Food Gardens for a Changing World

August 2019
More details
  • Publisher
  • Published
    8th August
  • ISBN 9781789240993
  • Language English
  • Pages 328 pp.
  • Size 7.5" x 9.625"
August 2019
More details
  • Publisher
  • Published
    8th August
  • ISBN 9781789240986
  • Language English
  • Pages 328 pp.
  • Size 7.5" x 9.625"

Food gardening is becoming increasingly popular, as people look for new ways to live more sustainably and minimize harm to the environment. This book addresses the most pressing challenges facing food gardening in the 21st century -- worldwide changes in climate, the environment, natural resources, and communities -- and the basic biological, ecological and social concepts which influence our understanding. Examples throughout the text demonstrate how gardeners can use these theories to their advantage.

"Observe, test, learn, adapt: a culture of empiricism may be what we most need to grow in our gardens and food systems--the front lines of humanity's survival in a changing climate. This book is a resource for communities to take charge of their gardening through experimentation, and for scientists to adjust their practices towards transparency and mutual respect. The readable concepts and examples provided show how to equitably partner across formal science and informal garden institutions, and collaborate to produce and use diverse knowledge--essential for improving our individual and collective capacity to change."

Liz Barry, Director of Community Development - Public Laboratory for Open Technology and Science

"The unique contribution of Food Gardens for a Changing World is to combine findings from the natural and the social sciences to allow us to understand better the new challenges food gardening faces. For growing food is not just a matter of maintaining healthy soils and cultivating the plant: it is also about strengthening links with others, co-finding solutions for scientists, and ultimately, by reconnecting with nature, healing communities."

Olivier De Schutter, LL.M., Ph.D., Professor, - Catholic University of Louvain and at Sciences Po Paris

"Food Gardens for a Changing World is a rich and comprehensive resource written by thoughtful, creative scientists in service to gardeners and small-scale farmers. It weaves prosocial culture, scientific documentation, best garden practices, botanical basics for seed savers, and a big picture look at challenges for food production that have already arrived with increasing global temperatures of climate change. Reference lists encompassing the breadth of ideas presented are extensive for every chapter."

Elizabeth Johnson - San Luis Obispo Seed Exchange

"The confluent imperatives of public and planetary health call for pragmatic solutions. Food Gardens for a Changing World offers up just the kind of guidance we all need now--an approach that engages and empowers us to be part of the solution to multiple problems. Thorough, thoughtful, and actionable--this book is as encouraging as it is informative."

David L. Katz, M.D., M.P.H., F.A.C.P.M., F.A.C.P., F.A.C.L.M. - Prevention Research Center Yale University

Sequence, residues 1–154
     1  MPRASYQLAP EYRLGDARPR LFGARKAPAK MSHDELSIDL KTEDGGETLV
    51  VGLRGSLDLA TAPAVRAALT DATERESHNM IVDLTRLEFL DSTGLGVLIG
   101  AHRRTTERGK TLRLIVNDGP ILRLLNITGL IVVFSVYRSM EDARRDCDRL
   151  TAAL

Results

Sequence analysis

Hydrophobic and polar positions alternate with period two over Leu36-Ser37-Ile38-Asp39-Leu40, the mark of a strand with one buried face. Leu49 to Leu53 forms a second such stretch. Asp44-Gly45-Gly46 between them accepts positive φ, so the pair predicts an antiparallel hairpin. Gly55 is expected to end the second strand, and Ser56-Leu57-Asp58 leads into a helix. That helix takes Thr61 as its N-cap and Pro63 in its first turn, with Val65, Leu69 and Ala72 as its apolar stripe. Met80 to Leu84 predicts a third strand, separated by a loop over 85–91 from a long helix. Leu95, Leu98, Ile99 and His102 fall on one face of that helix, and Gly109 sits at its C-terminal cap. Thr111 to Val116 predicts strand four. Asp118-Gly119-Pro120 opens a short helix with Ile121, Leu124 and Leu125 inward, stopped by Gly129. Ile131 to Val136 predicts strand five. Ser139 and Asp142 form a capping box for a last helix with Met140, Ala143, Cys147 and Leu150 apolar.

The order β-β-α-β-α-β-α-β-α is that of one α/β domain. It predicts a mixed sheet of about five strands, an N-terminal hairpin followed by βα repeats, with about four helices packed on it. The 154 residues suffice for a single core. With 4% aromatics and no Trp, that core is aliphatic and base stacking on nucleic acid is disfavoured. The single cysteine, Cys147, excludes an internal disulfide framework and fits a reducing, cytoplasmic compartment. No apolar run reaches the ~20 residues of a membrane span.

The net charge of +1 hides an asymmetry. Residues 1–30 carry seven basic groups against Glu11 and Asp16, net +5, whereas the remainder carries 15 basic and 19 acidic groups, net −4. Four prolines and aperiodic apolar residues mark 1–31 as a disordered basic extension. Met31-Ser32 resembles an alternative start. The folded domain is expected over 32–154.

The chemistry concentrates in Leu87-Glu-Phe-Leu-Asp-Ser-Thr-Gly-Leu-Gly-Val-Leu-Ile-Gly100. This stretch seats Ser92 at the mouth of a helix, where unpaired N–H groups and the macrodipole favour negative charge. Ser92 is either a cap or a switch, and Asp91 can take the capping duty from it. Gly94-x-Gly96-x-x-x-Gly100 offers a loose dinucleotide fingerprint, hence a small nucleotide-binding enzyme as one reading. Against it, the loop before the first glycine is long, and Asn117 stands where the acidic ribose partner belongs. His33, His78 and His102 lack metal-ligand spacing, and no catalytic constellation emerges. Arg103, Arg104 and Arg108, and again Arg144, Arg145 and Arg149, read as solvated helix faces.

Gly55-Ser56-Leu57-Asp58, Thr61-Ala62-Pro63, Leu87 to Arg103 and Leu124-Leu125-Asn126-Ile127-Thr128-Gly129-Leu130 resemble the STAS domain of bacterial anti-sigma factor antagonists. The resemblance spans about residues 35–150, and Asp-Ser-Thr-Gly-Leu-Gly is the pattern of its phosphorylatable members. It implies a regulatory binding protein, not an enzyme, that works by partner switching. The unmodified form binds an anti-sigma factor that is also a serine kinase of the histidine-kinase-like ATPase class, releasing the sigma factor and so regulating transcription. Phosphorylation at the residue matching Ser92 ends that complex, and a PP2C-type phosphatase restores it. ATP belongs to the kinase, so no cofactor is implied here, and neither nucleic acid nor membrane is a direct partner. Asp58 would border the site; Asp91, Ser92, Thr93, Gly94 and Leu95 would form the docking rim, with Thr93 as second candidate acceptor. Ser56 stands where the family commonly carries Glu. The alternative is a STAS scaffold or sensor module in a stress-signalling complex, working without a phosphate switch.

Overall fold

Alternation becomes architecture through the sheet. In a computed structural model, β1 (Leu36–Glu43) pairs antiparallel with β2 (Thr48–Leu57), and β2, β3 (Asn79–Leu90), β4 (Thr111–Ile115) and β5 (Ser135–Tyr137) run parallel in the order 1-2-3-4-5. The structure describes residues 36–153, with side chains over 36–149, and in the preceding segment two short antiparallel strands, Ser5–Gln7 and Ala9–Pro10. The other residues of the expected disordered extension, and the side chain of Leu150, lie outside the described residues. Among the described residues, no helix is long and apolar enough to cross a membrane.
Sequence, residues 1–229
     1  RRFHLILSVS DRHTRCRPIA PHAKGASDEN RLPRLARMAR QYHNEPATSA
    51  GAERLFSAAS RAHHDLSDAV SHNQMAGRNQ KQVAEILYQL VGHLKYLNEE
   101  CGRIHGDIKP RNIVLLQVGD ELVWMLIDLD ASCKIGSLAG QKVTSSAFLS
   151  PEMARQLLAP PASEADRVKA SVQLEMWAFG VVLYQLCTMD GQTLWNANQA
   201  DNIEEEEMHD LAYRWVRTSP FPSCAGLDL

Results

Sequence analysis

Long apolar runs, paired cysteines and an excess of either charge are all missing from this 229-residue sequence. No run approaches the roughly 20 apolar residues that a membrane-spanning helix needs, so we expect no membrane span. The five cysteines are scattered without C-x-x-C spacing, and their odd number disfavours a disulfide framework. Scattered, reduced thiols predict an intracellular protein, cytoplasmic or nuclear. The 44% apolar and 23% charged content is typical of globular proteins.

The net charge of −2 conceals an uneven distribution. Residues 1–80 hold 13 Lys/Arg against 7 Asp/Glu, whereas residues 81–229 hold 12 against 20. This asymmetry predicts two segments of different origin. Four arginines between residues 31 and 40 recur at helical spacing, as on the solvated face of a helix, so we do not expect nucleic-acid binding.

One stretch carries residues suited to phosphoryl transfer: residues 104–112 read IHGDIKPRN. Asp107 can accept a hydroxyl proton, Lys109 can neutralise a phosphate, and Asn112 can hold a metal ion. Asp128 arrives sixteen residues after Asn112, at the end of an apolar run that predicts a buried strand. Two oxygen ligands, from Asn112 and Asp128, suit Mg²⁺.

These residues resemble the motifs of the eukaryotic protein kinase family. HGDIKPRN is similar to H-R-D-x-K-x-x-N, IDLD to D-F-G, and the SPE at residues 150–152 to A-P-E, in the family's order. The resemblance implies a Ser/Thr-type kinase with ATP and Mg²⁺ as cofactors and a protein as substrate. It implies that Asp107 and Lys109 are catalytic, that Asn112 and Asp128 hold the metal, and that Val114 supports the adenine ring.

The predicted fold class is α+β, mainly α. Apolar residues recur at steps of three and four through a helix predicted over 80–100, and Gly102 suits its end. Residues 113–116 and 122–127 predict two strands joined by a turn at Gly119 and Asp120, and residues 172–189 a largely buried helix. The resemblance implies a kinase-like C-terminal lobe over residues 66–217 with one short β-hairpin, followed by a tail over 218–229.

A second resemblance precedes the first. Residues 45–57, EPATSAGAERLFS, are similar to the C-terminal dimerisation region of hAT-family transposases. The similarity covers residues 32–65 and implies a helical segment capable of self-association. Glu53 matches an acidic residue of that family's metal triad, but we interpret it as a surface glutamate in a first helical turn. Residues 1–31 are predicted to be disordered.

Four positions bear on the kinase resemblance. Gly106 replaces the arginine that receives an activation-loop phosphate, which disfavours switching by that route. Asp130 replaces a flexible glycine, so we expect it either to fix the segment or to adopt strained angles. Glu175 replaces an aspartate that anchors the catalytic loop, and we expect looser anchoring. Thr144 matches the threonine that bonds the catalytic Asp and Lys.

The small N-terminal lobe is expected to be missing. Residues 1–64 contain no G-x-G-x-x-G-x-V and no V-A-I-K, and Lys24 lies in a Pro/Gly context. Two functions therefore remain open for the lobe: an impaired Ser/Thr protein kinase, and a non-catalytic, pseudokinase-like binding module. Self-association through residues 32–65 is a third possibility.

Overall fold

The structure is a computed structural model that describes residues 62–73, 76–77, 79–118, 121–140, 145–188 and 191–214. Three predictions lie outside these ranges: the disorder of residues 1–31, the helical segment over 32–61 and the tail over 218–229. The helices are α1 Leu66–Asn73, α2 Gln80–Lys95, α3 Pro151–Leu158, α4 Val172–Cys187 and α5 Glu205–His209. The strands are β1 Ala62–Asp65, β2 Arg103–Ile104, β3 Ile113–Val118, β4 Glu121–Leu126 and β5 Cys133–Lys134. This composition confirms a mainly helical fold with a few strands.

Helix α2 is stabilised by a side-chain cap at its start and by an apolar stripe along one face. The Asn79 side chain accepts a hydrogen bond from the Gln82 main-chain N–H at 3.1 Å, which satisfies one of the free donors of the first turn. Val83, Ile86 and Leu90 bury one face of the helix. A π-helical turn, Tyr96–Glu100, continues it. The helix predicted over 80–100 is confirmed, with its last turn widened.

PART I: Starting at the beginning: gardens and the big picture
1: What can food gardens contribute? Gardens and wellbeing
2: Changes coming to your garden
3: Responding to change as a food gardening strategy
3: Appendix, Worked formal garden experiments
PART II: Starting the garden
4: Garden placement
5: How plants live and grow
6: Starting and caring for garden plants
PART III: Garden management
7: Soil, nutrients, and organic matter
8: Water, soils, and plants
9: Managing pests, pathogens, and beneficial organisms
10: Saving seeds for planting and sharing

Daniela Soleri

Daniela Soleri is an ethnoecologist whose research is on local and scientific knowledge
systems in small scale agriculture and gardens, and collaboration between formal
scientists and gardeners and farmers. This includes research with communities around
the world in quantifying farmer practices, documenting risk assessment and cultural
identity related to seeds, and investigating new semi-formal seed systems. She teaches
a class at UCSB on "citizen" and community science, and is currently working with seed
and garden activists and scientists to investigate crop diversity and adaptation in
California food gardens.

David A. Cleveland

David A. Cleveland is a human ecologist who has done research and development project work on sustainable agrifood systems with farmers and gardeners around the world. His
research and teaching have focused on sustainable, small-scale agrifood systems,
including plant breeding and conservation of crop genetic diversity, and local and
scientific knowledge and collaboration between farmers and scientists. His current
research and teaching focus is on food system localization and diet change to improve health, mitigate anthropogenic climate change and environmental degradation, and promote food and climate justice, including at the University of California, in California,and globally.

Steven E. Smith

Steven E. Smith is a plant breeder, botanist and statistician whose research, training of students, and teaching cover those areas of expertise. His research interests reflect both his training in application-oriented plant breeding and his fascination with plant survival in natural plant communities in arid environments. For example, he has conducted research on conservation and evaluation of genetic diversity in alfalfa, and on plant physiological responses to drought and their significance in revegetation work in the arid southwestern US. Smith also provides consulting and support to other academic researchers on experimental design and analysis. He has won a number of awards in the University of Arizona's College of Agriculture in recognition of his teaching